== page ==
Dear All About Jazz Readers,

If you're familiar with All About Jazz, you know that we've dedicated over two decades to supporting jazz as an art form, and more importantly, the creative musicians who make it. Our enduring commitment has made All About Jazz one of the most culturally important websites of its kind in the world reaching hundreds of thousands of readers every month. However, to expand our offerings and develop new means to foster jazz discovery we need your help.

You can become a sustaining member for a modest $20 and in return, we'll immediately hide those pesky Google ads PLUS deliver exclusive content and provide access to future articles for a full year! This combination will not only improve your AAJ experience, it will allow us to continue to rigorously build on the great work we first started in 1995. Read on to view our project ideas...

11

Max Johnson Quartet: The Prisoner

Eyal Hareuveni By

Sign in to view read count
Double bassist Max Johnson's new suite The Prisoner is inspired by the futuristic British cult TV series from the end of the sixties by the same name. This series was a source of inspiration for many artists, among them The Clash, Iron Maiden, and avant-garde sound artist David Shea. New York-based Johnson assembled a quartet of like-minded improvisers—tenor saxophonist Ingrid Laubrock, viola player Mat Maneri, and drummer Tomas Fujiwara, all in powerful performances—for an updated sonic meditation on the themes of the series. The seven pieces refer to characters in the series, all called by numbers, and situations from the series episodes.

The chamber, melancholic spirit of the music and its loose interplay charge it with the claustrophobic, mysterious feeling of the original series. Though the pieces are composed and Johnson stressed a thematic progression, there is a lot of freedom for each musician to push its own course. This kind of openness colors the music in conflictual dynamics, emphasizes the tension and the stress of being monitored by an enveloping surveillance and the loneliness among the conforming population of the isolated village-prison portrayed in the original series.

"No.24 Hammer into Anvil" is one of the best realized pieces. It refers to one of the most violent episodes and alternates between spare, threatening free-form texture where all are busy shaping their own loosely connected sounds and nervous, brutal sonic attacks. All forms and each musician with their distinct voices mirror and intensify the emotional uncertainty and troubled atmosphere of the episode. Other pieces as "The New Number 2," and as the series itself, offer an unsettling, enigmatic emotional impact. This open- ended piece leaves the listener contemplating about its mixed messages.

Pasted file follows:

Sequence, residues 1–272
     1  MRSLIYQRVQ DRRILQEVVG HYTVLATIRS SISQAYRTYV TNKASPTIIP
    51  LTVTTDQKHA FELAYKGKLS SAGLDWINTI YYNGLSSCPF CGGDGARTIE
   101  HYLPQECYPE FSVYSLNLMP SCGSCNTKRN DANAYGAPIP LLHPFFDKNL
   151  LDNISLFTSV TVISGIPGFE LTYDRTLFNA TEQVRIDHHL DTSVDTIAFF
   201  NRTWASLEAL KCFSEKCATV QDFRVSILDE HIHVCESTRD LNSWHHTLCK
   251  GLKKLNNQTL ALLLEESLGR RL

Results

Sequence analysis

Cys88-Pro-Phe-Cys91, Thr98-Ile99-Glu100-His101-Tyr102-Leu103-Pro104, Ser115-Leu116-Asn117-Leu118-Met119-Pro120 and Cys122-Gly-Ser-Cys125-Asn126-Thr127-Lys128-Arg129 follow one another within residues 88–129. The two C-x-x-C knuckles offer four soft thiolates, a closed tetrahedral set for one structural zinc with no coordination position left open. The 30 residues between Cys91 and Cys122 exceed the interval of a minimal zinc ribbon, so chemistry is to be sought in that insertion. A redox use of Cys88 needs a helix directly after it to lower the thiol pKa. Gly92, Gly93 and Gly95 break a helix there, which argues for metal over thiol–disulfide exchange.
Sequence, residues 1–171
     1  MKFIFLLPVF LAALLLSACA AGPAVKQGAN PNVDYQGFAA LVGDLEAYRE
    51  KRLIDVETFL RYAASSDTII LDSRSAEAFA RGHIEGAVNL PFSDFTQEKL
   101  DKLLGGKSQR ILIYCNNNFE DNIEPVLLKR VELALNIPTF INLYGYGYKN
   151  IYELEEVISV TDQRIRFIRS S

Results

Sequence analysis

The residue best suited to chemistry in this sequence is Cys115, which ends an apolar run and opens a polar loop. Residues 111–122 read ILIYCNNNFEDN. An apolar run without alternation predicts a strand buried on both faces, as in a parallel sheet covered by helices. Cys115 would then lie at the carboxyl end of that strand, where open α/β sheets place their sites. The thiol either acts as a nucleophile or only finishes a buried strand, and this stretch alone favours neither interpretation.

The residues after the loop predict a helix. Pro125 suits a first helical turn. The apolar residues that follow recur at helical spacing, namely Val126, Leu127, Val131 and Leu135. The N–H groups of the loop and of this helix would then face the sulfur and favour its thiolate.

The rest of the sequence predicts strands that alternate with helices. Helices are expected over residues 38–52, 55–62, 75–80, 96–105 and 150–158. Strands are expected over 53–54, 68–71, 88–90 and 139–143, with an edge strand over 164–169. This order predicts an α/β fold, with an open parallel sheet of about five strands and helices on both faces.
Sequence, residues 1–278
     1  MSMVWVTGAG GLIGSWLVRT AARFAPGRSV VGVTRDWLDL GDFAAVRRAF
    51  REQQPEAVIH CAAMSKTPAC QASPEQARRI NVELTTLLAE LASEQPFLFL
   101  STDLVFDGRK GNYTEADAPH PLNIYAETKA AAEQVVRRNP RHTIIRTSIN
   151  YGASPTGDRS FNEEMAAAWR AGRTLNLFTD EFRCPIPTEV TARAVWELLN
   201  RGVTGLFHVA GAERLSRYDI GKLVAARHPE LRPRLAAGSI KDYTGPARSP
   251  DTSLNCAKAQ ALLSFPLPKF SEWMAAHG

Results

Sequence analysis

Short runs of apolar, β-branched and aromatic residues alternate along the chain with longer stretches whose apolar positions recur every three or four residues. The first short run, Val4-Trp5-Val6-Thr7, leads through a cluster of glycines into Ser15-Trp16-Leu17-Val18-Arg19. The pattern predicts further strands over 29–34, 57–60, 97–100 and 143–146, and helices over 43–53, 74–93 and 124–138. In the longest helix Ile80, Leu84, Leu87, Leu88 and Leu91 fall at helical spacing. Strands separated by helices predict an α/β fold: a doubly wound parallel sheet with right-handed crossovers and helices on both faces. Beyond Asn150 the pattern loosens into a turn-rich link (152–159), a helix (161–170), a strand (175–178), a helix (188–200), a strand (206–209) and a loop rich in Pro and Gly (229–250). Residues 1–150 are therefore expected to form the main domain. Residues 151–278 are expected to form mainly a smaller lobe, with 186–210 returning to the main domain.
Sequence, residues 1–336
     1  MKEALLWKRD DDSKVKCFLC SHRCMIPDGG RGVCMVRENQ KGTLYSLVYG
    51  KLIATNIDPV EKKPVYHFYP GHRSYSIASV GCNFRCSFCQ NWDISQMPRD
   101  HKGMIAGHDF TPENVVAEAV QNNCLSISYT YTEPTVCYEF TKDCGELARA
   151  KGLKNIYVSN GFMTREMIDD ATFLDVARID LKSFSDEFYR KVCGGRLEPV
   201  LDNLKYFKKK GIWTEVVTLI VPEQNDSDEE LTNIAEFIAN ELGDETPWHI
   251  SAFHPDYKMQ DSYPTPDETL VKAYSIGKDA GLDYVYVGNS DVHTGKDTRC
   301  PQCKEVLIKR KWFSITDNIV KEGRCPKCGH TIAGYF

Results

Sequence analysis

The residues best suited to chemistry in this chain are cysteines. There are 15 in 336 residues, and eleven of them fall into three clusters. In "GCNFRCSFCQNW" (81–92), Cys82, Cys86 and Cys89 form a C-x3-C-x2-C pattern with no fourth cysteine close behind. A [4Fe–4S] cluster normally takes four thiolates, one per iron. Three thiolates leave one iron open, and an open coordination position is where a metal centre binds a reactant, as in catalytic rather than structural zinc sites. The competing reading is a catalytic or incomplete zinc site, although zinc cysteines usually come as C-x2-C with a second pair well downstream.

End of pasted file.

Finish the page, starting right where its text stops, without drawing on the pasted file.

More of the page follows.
Arresting, multi-layered suite that demands repeated listening.

Track Listing: No.6 Arrival / No.58 Orange Alert; X04; No.12 Schitzoid Man (Gemini); No.24 Hammer into Anvil; No.48 Living in Harmony; The New Number 2; No.2 Once Upon a Time / No.1 Fallout.

Personnel: Ingrid Laubrock: tenor sax; Mat Maneri: viola; Max Johnson: double bass; Tomas Fujiwara: drums.

Title: The Prisoner | Year Released: 2014 | Record Label: NoBusiness Records

Tags

Watch

comments powered by Disqus

Shop for Music

Start your music shopping from All About Jazz and you'll support us in the process. Learn how.

Album Reviews
Extended Analysis
Album Reviews
Take Five With...
Read more articles
Something Familiar

Something Familiar

Fresh Sound Records
2015

buy
The Prisoner

The Prisoner

NoBusiness Records
2015

buy
Max Johnson: Big Eyed Rabbit

Max Johnson: Big Eyed...

NotTwo Records
2014

buy
The Invisible Trio

The Invisible Trio

Fresh Sound New Talent
2014

buy
The Prisoner

The Prisoner

NoBusiness Records
2014

buy

Related Articles

Read Nexus Album Reviews
Nexus
By Jakob Baekgaard
May 23, 2019
Read The Second Coming Album Reviews
The Second Coming
By Daniel Barbiero
May 23, 2019
Read Luminária Album Reviews
Luminária
By John Sharpe
May 23, 2019
Read Jazz Band/Rock Band/Dance Band Album Reviews
Jazz Band/Rock Band/Dance Band
By Jerome Wilson
May 23, 2019
Read When Will The Blues Leave Album Reviews
When Will The Blues Leave
By Karl Ackermann
May 22, 2019
Read Infinite Itinerant Album Reviews
Infinite Itinerant
By Geno Thackara
May 22, 2019
Read Pulcino Album Reviews
Pulcino
By Nicholas F. Mondello
May 22, 2019